I don’t think it matters how any Ohio State fan or sports fan in general spins it. Ohio State cheated. There are rules set up by the NCAA. They violated the rules. The coach lied about the violations. If you break the rules of the game . . . that is cheating, and it doesn’t matter how many other programs are doing it.
If you are speeding down the highway at 75 mph and the limit is 65, you are speeding. It doesn’t matter whether there is a cop around or if a whole line of cars is doing the same.
Two wrongs don’t make a right. Three lefts do, though.
This is the same rationalization that little Jimmy uses when he wants to stay up late at night. Just because John’s and Dudley’s parents allow them to stay up late doesn’t mean that it is okay for Jimmy. If those other parents all left their kids jump off a bridge, would you do it too?
But this is not as trivial as it would seem. If players/families choosing Ohio State were made aware of these perks by other players, and it influenced their decision to go to that school, then the University, willing or not, had a competitive edge over other schools.
This is not an issue of fairness. Recruiting is not fair. Penn State has distinct advantages over a school like Akron, Ohio, or name any other school that only goes to a bowl game once in a decade or three; maybe never. Penn State has fantatastic facilities, good academics, and one of the largest stadiums and fan bases in the country. They obviously have an advantage over schools who do not have these things.
The difference here is that there is no NCAA rule limiting the size of the stadium, the extent of practice facilities and equipment, or how many fans a school has.
But the NCAA does have rules prohibiting players from gaining financial compensation or special treatment for their status as student athletes.
If you break the rule, you are cheating. This is not some Clintonian definition of sexual relations. If you don’t play by the rules, you are cheating.
If the NCAA can prove that these allegations are true, then Ohio State cheated. Plain and simple. It doesn’t matter if Alabama, Auburn, USC or any other school does the same thing. It’s still cheating. Just like speeding on the highway, if you get caught, there is a price to pay, even if the other guy isn’t pulled over.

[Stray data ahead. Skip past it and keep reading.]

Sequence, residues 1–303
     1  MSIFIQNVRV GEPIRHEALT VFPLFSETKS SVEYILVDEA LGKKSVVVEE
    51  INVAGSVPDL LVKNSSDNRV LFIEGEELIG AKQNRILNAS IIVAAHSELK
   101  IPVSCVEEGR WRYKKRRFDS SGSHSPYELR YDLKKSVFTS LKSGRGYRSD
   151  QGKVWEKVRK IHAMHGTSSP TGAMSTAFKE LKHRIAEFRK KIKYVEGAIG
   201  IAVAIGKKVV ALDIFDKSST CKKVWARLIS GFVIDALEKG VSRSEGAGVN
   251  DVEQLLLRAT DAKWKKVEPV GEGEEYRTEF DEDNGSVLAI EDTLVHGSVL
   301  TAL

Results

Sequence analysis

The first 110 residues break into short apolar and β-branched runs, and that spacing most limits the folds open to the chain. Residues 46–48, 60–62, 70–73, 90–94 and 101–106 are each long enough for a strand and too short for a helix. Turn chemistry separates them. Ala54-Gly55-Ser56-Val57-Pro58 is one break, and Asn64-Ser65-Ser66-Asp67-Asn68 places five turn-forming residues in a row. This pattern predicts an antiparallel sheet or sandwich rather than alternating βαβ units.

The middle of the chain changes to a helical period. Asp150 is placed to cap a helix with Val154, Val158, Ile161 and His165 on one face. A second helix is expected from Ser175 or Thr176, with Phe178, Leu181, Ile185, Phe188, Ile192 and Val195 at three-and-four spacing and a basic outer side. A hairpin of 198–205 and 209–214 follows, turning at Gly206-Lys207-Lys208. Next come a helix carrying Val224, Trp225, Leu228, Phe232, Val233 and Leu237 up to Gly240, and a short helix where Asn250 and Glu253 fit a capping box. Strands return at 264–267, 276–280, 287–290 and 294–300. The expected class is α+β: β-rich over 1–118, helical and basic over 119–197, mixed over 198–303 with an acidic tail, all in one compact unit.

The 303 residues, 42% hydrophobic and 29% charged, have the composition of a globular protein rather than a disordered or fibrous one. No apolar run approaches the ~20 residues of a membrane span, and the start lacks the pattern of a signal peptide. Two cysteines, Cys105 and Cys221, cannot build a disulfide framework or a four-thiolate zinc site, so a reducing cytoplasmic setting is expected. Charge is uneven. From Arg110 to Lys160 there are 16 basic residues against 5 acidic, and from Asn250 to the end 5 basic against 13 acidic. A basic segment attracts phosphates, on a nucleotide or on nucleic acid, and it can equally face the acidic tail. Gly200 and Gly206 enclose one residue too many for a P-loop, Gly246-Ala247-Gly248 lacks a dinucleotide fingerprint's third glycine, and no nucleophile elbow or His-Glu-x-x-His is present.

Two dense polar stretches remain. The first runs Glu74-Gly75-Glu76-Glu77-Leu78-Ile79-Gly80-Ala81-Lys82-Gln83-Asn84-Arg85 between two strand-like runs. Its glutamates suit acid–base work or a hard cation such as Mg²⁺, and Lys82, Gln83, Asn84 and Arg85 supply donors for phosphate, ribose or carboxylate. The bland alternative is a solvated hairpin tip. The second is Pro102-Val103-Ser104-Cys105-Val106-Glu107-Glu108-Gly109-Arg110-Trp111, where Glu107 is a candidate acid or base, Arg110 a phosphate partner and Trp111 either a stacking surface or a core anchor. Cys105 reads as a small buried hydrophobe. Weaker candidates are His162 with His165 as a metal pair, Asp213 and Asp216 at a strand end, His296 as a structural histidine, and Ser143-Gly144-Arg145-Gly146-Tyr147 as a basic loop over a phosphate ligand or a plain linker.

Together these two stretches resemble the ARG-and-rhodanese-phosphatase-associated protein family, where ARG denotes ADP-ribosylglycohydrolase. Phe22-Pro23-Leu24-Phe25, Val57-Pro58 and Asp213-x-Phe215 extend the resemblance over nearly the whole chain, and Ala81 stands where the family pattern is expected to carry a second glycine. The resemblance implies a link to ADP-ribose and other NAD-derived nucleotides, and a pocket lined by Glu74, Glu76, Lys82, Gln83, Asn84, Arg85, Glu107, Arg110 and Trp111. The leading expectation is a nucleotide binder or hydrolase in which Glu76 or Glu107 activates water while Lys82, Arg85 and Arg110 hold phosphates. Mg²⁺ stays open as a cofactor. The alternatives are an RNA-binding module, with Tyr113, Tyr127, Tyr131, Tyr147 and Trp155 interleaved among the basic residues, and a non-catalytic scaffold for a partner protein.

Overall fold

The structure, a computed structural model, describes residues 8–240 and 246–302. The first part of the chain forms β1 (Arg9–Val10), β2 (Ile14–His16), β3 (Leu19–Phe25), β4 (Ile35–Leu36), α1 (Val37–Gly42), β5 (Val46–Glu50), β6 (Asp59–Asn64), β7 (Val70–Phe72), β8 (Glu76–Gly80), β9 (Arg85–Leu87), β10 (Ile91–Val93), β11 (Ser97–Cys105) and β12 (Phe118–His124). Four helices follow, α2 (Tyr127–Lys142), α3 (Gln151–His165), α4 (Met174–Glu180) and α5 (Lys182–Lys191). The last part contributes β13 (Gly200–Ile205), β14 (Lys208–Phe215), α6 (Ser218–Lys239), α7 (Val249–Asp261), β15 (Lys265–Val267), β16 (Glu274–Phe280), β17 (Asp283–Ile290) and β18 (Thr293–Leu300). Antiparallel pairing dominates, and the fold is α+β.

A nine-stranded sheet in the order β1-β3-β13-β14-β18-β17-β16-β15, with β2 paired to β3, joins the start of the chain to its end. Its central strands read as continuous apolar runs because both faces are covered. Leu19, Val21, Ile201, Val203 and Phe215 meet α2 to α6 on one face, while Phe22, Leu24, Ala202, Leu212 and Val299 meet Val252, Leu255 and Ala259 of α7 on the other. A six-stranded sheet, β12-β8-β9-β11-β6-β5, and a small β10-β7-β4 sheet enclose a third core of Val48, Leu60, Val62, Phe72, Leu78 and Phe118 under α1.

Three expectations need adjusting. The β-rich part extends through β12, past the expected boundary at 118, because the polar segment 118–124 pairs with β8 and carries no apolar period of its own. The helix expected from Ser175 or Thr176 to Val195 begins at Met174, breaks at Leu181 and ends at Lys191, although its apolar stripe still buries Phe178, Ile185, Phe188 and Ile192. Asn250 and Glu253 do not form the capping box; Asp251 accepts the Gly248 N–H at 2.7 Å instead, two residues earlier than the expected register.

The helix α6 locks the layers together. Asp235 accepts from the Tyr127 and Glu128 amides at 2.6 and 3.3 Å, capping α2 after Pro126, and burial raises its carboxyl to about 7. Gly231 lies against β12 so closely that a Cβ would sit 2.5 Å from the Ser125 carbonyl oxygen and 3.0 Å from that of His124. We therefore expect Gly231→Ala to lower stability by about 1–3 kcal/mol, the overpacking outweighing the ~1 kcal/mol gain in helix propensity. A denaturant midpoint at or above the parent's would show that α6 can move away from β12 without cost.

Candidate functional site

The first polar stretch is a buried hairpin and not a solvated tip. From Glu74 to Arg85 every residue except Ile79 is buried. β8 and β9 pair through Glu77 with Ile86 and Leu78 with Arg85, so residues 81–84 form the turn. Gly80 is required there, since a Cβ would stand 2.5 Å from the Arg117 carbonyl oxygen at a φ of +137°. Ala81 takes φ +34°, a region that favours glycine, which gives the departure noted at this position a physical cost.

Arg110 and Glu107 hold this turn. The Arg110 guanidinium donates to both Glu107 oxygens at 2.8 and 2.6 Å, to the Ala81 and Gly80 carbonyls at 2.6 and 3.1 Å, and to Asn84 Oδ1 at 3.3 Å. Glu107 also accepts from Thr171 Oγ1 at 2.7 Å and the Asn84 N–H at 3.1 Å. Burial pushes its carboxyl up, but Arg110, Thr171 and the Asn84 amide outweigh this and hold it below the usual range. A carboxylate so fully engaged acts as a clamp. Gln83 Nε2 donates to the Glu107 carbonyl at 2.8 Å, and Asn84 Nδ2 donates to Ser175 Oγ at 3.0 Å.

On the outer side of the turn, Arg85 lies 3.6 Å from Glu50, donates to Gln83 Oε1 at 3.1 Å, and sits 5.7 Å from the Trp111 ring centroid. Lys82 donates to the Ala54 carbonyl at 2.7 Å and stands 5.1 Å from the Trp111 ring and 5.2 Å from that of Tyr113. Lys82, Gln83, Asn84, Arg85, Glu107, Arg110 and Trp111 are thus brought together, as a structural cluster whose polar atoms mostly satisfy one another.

It’s interesting that the only schools that Ohio State has consistently had problems beating in the Tressel era are the ones from the SEC. At the risk of angering those fan bases, I think it is fair to surmise that many fans North and West of the SEC perceive them to engage in questionable recruiting acitvities. I won’t go in to over-signing since that doesn’t violate an NCAA rule. Unfortunately for the NCAA, they could not prove that Cam Newton knew his dad was involved in a transaction for cash to play. Technically, Cam didn’t break the rules.
And in the only win over an SEC team in his tenure, Tressel cheated by playing players that should have been ineligible since the beginning of the season. I’m still not sure why the NCAA allowed them to play in the bowl game in the first place.
Vacating wins is pretty meaningless. I don’t think that will mean anything to Arkansas.
If the NCAA wants to remain a credible organization, then they need to penalize The Ohio State University in meaningful ways. Reduce scholarships. No bowl games. No Big Ten Title games. At least two years.
I have seen some fans calling for a death penalty ala SMU. What does that achieve? Other than acting as a deterrent to other schools, it serves little purpose. What good is an empty Ohio Stadium? Why should fans be penalized by not seeing their team play against the Buckeyes? They should still play, but the playing field must be tilted against O$U with sanctions to make up for the unfair advantage that may have been present since before the Tressel years, and certainly present in the last decade.
Anything less than significant sanctions/probation will be an injustice. If the NCAA really wants to enforce these rules, then they need to take a bite out of Ohio State. Just barking isn’t good enough and will send the message to everyone else: it’s okay to cheat. True fans of the sport, though, I think will disagree.